Easy Trips: Retreat to the mountains in Bhimtal, Uttarakhand

Mornings at The Retreat are best spent on the porch, with a big, warm cup of chai
Photographer: Krishna Prabakar

WORDS: AMRITA LALL
PHOTOGRAPHS: KRISHNA PRABAKAR

GREAT FROM: New Delhi, Chandigarh, Dehradun
GREAT FOR: Nature enthusiasts, seekers of quiet

 Ours is a mad, mad world. It breeds the idea that we need to constantly keep up – with our tedious work lives, with who’s doing what on our social media feeds, with the latest everything. It’s not all bad news though – there still exist few well-guarded little hideouts that offer a brief escape from our routinised, digitised lives and teach us a thing or two about how to have a good time, away from our smartphones and the internet. Nestled in the hills of Uttarakhand’s Kumaon Lake District, in the midst of an ancient cedar, oak and pine forest, is one such secret getaway.

Run by the charming Padmini, or Paddy, Smetacek, The Retreat is a 19th-century family owned Colonial bungalow, which was acquired in 1939 by Frederick Smetacek, Paddy’s father- in- law, when he fled the Nazis and sailed to India.

The four walls of the bungalow cocoon a repertoire of stories that date back a hundred years. Narrated by Paddy, who’s a master storyteller, these include mentions of Hitler, tales of curses and notorious leopards, an endearing love story, and innumerable instances of the good ol’ pahadi way of life. And there’s a delightful photo album with sepia-tinted snapshots from the earliest days of the bungalow; you’ll come across the Smetacek clan, leopard cubs, and some of The Retreat’s first guests enjoying a full meal out on the porch.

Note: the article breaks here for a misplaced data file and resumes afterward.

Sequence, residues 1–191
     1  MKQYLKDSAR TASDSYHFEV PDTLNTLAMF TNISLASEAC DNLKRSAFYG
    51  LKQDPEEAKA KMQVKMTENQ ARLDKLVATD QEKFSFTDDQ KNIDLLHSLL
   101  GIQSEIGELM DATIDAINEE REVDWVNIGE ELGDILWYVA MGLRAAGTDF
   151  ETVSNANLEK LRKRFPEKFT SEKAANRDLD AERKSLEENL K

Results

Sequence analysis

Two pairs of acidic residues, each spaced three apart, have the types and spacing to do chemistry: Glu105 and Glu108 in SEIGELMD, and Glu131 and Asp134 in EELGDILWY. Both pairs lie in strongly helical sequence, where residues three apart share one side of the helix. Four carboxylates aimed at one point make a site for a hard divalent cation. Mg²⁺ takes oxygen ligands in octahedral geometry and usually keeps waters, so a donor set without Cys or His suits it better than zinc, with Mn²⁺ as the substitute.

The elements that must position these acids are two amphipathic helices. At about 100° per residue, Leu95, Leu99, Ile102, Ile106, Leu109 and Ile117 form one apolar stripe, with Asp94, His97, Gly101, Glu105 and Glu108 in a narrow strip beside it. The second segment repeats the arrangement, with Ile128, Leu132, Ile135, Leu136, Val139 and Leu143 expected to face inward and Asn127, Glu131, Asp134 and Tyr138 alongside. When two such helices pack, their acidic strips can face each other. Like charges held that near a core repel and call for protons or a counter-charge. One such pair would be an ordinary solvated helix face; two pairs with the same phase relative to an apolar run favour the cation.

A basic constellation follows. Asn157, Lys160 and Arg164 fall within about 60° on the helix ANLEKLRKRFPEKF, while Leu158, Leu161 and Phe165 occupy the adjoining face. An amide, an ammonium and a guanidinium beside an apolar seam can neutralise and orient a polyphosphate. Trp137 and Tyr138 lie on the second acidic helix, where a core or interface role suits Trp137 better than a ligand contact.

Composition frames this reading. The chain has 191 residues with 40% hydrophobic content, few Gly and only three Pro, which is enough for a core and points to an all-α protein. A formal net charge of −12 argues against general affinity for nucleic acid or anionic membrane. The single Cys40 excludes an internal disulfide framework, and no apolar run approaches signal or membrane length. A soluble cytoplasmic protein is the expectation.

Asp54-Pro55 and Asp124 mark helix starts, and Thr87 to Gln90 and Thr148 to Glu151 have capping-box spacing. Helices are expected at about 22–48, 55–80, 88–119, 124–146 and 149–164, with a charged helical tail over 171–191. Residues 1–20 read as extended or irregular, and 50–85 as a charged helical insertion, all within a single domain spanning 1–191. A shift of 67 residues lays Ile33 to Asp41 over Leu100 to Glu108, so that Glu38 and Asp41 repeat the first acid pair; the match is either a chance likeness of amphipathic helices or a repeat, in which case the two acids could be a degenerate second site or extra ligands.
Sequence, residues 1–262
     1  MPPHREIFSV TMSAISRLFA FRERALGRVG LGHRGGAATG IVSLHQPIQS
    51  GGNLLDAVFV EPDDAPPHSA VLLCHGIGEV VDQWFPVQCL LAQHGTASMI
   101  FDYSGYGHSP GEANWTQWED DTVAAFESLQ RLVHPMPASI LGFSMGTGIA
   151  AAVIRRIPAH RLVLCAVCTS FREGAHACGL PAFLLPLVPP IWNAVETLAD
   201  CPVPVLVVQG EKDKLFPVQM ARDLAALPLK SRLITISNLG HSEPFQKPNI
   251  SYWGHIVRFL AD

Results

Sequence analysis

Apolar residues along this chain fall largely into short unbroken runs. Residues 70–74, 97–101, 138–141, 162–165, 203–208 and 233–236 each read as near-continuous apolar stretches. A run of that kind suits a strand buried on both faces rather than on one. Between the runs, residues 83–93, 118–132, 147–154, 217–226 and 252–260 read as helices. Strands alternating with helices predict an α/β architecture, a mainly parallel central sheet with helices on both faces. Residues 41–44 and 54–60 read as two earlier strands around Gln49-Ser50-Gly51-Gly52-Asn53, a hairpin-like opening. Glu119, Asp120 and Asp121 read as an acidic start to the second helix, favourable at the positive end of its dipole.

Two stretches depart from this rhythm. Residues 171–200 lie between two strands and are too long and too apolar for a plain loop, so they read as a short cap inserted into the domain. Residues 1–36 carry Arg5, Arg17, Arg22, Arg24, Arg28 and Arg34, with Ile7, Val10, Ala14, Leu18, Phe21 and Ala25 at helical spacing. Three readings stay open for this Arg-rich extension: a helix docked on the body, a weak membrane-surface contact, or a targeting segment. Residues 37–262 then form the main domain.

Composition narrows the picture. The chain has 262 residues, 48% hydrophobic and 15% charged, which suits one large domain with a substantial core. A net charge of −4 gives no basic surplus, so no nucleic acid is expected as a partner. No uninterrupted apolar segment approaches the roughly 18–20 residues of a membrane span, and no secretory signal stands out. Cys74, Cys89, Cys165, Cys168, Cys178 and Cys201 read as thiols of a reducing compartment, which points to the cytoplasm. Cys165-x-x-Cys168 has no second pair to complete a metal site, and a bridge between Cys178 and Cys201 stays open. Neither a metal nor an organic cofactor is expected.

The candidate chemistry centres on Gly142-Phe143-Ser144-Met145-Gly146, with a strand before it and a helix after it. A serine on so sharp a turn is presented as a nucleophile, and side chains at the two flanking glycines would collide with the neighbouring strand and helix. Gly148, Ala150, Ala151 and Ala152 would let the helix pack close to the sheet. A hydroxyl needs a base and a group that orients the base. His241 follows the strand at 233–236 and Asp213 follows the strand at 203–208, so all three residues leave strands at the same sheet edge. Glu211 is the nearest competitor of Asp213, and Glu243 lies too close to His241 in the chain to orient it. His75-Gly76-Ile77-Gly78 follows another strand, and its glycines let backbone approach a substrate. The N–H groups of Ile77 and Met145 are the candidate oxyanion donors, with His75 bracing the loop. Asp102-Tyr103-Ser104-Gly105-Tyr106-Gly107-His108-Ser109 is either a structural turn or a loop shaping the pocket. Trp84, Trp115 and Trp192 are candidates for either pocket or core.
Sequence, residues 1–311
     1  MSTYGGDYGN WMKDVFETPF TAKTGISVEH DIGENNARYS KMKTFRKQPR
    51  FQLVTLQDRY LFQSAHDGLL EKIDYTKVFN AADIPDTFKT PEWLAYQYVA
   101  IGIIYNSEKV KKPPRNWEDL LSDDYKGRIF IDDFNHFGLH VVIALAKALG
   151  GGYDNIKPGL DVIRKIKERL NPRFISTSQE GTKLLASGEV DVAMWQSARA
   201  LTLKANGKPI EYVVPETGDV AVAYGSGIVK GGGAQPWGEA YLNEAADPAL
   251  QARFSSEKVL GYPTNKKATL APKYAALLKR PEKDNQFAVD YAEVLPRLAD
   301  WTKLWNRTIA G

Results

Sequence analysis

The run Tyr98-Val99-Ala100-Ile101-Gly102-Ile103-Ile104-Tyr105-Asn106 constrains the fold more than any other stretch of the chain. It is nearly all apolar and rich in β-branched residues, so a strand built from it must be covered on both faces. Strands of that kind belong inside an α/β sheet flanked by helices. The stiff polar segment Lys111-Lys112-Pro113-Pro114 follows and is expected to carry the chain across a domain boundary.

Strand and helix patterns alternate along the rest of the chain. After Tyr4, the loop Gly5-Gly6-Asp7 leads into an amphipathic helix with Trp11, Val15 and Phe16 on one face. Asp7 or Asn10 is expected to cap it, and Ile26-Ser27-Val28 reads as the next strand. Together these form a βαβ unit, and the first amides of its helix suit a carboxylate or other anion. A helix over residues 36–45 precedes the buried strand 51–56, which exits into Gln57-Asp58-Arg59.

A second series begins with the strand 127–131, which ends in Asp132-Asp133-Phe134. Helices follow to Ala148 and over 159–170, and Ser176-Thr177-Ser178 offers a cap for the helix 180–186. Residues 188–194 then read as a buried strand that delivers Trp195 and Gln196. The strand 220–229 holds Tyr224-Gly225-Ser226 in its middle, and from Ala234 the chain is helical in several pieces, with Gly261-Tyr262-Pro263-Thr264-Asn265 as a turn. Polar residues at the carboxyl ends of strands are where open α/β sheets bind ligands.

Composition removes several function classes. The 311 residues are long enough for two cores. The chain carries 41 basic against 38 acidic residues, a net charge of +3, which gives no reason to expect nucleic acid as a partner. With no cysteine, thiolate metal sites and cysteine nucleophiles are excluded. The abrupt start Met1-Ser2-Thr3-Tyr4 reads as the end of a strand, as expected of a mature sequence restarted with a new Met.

The porch is also the ideal spot for your morning cuppa. Be warned though, you’ll need to fend off the four rambunctious resident dogs who are given to shamelessly stealing biscuits off the table. Give them a rub or two – they’ll be momentarily dissuaded, and run off to chase the many birds that come visiting in the mornings. If bird watching interests you, Victor, one of Paddy’s older sons, will take you on a nature tour through the estate – from woodpeckers and babblers to Great Himalayan barbets, there’s plenty to delight the ornithologist in you.

The Retreat also arranges guided tours and hikes to explore the rustic surrounds. You can also opt for a high-altitude trek or a mountain expedition led by Victor (price on enquiry). The walk to Sattal Lake is particularly picturesque. Stop for a picnic lunch at Pannatal Lake before heading to Sattal, where you can go boating and kayaking. Ask the boys to take you to the secret waterfall nearby – while the trail may be slightly challenging, the sight of the stunning waterfall is well worth the effort. On your way back, stop by the Butterfly Research Centre, a stone’s throw away from The Retreat. Run by Peter Smetacek, who has inherited his father Frederick Smetacek’s passion for collecting and studying butterflies, the centre is home to one of the largest collections of butterflies and moths in the country.

While there are plenty of activities to keep you occupied, The Retreat is also perfect for a do-nothing holiday. You can sit by the fireplace in the living room, get some alone-time with your favourite book, and swap stories with Paddy and the boys around a bonfire, only to be interrupted by the calls of barking deer and wild boar in the distance.

Ours is a mad, mad world. But, thanks to magical places and warm people who convince us that our world is still many kinds of beautiful, we manage to deal just fine with the daily drudge of our lives. And, if you’re still in doubt: call Paddy and tell her you’ll see her soon.

For a quiet getaway in the hills, travel this trip NOW: check out LPMI’s April 2018 issue. Pick up a copy from your newsstand or click to subscribe via Zinio or Magzter.